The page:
10 Things You Didn’t Know About Eddie “The Chief” Clearwater

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Editor’s Note: Originally published by JD Nash in American Blues Scene

 

Week number four of our five-week dedication to the 2016 Blues Hall of Fame honorees focuses on Chicago Blues giant, Eddy Clearwater.

1.  He was born Edward Harrington on January 10th, 1935 in Macon, Mississippi of mixed African-American and Native American ancestry and was raised by his Cherokee grandmother.

2.  He moved, with his family to Birmingham, Alabama and began teaching himself to play guitar (left handed and upside down) at the age of 13.  Some of his first gigs were with the Gospel group, Five Blind Boys of Alabama.

3.  At age 15, he moved to Chicago, Illinois and lived with his uncle, Houston Harrington, who owned the Atomic H record label.  Although his uncle introduced him to artists such as Otis Rush and Magic Sam, his first major influence was Chuck Berry and he developed an act much like his idol, going by the name of “Guitar Eddy”.

4.  His first manager was drummer Jump Jackson, who named him Clear Waters as a play on the famous Muddy Waters name.  This was the name he used when he recorded his first single, “Hill Billy Blues” on his uncle’s label.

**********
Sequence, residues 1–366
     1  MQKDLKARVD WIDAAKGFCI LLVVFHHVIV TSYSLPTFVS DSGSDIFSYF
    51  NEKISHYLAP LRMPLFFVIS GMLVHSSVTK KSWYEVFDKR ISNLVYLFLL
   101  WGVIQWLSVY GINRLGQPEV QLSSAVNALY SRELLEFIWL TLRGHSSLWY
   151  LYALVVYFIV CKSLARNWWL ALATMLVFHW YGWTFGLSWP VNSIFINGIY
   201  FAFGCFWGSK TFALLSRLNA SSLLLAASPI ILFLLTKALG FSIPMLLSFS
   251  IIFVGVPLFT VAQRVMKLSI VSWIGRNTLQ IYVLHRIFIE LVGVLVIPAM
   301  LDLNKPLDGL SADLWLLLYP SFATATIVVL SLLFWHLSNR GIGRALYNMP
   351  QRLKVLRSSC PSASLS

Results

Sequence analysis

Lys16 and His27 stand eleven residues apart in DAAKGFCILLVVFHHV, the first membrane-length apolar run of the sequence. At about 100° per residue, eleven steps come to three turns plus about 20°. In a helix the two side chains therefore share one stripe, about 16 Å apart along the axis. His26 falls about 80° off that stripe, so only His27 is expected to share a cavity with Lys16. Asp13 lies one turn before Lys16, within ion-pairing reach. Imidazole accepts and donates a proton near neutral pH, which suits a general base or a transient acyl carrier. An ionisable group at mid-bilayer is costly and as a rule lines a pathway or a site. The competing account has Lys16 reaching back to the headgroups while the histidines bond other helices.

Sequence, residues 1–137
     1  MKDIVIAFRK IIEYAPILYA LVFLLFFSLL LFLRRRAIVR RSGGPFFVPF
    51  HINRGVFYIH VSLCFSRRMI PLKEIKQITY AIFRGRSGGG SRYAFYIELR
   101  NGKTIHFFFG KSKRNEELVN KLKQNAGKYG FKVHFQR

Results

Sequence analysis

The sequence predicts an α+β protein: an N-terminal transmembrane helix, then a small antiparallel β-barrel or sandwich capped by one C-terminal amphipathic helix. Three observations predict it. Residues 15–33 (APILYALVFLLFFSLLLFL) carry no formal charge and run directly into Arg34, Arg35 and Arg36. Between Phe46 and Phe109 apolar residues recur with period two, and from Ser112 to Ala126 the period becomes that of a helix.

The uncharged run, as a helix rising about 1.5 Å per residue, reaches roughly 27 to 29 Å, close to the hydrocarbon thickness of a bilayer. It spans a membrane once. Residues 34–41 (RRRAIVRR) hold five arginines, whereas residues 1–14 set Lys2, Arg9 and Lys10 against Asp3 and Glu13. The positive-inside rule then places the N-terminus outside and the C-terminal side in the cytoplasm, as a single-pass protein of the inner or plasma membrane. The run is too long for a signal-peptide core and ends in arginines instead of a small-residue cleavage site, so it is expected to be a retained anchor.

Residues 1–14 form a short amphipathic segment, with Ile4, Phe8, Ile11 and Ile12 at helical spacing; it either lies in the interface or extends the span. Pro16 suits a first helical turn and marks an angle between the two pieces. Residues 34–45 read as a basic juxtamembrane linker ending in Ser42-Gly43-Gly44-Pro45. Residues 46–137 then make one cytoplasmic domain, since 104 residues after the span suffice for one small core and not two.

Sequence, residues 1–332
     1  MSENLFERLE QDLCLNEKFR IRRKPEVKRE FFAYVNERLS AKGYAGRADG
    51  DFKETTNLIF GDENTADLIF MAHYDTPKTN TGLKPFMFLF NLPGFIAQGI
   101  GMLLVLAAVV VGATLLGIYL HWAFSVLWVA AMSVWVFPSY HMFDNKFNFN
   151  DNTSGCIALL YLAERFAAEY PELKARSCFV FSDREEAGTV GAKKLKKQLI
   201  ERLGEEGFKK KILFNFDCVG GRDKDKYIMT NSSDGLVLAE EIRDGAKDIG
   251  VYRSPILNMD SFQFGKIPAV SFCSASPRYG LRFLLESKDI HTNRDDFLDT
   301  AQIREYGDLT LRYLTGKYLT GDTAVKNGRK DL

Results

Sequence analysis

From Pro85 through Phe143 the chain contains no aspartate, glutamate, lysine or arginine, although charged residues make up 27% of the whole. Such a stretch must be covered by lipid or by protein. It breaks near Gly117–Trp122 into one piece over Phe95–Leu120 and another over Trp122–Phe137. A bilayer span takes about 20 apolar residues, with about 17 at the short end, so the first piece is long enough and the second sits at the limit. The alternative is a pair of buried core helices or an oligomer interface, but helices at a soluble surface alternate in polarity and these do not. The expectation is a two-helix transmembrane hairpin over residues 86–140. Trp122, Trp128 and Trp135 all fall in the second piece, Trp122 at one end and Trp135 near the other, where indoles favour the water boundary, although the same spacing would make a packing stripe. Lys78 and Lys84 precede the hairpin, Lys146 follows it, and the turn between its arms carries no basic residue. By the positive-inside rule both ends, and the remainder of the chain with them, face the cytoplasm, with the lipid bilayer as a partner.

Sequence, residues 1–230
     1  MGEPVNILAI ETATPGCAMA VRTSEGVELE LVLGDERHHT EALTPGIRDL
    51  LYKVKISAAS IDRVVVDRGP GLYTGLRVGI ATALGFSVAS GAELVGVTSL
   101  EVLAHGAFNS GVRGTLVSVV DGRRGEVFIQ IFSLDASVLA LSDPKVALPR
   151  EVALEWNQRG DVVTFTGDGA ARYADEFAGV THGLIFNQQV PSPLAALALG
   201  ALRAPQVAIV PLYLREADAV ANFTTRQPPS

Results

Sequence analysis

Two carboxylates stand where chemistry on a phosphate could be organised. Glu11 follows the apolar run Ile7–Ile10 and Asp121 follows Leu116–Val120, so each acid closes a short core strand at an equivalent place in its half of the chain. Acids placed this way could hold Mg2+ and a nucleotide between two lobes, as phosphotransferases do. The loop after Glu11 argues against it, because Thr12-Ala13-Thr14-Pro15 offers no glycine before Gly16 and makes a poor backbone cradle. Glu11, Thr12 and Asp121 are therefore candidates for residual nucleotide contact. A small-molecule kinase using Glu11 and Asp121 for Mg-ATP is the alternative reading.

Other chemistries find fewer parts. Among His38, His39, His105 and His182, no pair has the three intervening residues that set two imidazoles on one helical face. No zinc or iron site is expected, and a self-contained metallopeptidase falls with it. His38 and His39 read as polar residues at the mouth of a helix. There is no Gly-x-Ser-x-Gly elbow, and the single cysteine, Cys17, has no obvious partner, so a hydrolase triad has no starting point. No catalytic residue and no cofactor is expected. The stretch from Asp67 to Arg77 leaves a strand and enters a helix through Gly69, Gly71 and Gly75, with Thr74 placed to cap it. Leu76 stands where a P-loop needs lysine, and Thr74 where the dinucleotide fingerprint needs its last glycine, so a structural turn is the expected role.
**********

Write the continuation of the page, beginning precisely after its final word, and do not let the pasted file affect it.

5.  Clearwater was one of the first blues musicians to be successful in performing for the Chicago North Side college students.

6.  A fan gave him a Native American headdress as a gift and he wore it, while on horseback, on the cover of his first American album, The Chief, on the Rooster label in 1980.  The nickname stuck, and he has been known as Eddy “The Chief” Clearwater ever since, often wearing a headdress while performing on stage.

7.  His uncle Houston was not the only other famous member of the family as Clearwater is also a cousin to Carey and Lurrie Bell.

8.  Clearwater once owned a blues bar and restaurant in the Wicker Park area of Chicago known as Reservation Blues.  He also owns his own label, Cleartone Records.

9.  In early 1997, he underwent triple heart bypass surgery.

10.  The Chief was nominated for a Grammy Award for his work with the band Los Straitjackets on the Bullseye Blues album, Rock ‘n’ Roll City in 2004 and collaborated with Ronnie Baker Brooks and Billy Branch on the 2014 album, Soul Funky, having the CD release party at Buddy Guy’s Legends.

J. Howard Rosier

J. Howard Rosier

J. Howard Rosier has a journalism degree from Columbia College. He is currently studying writing at the School of the Art Institute of Chicago, where he also serves as News Editor for FNews.

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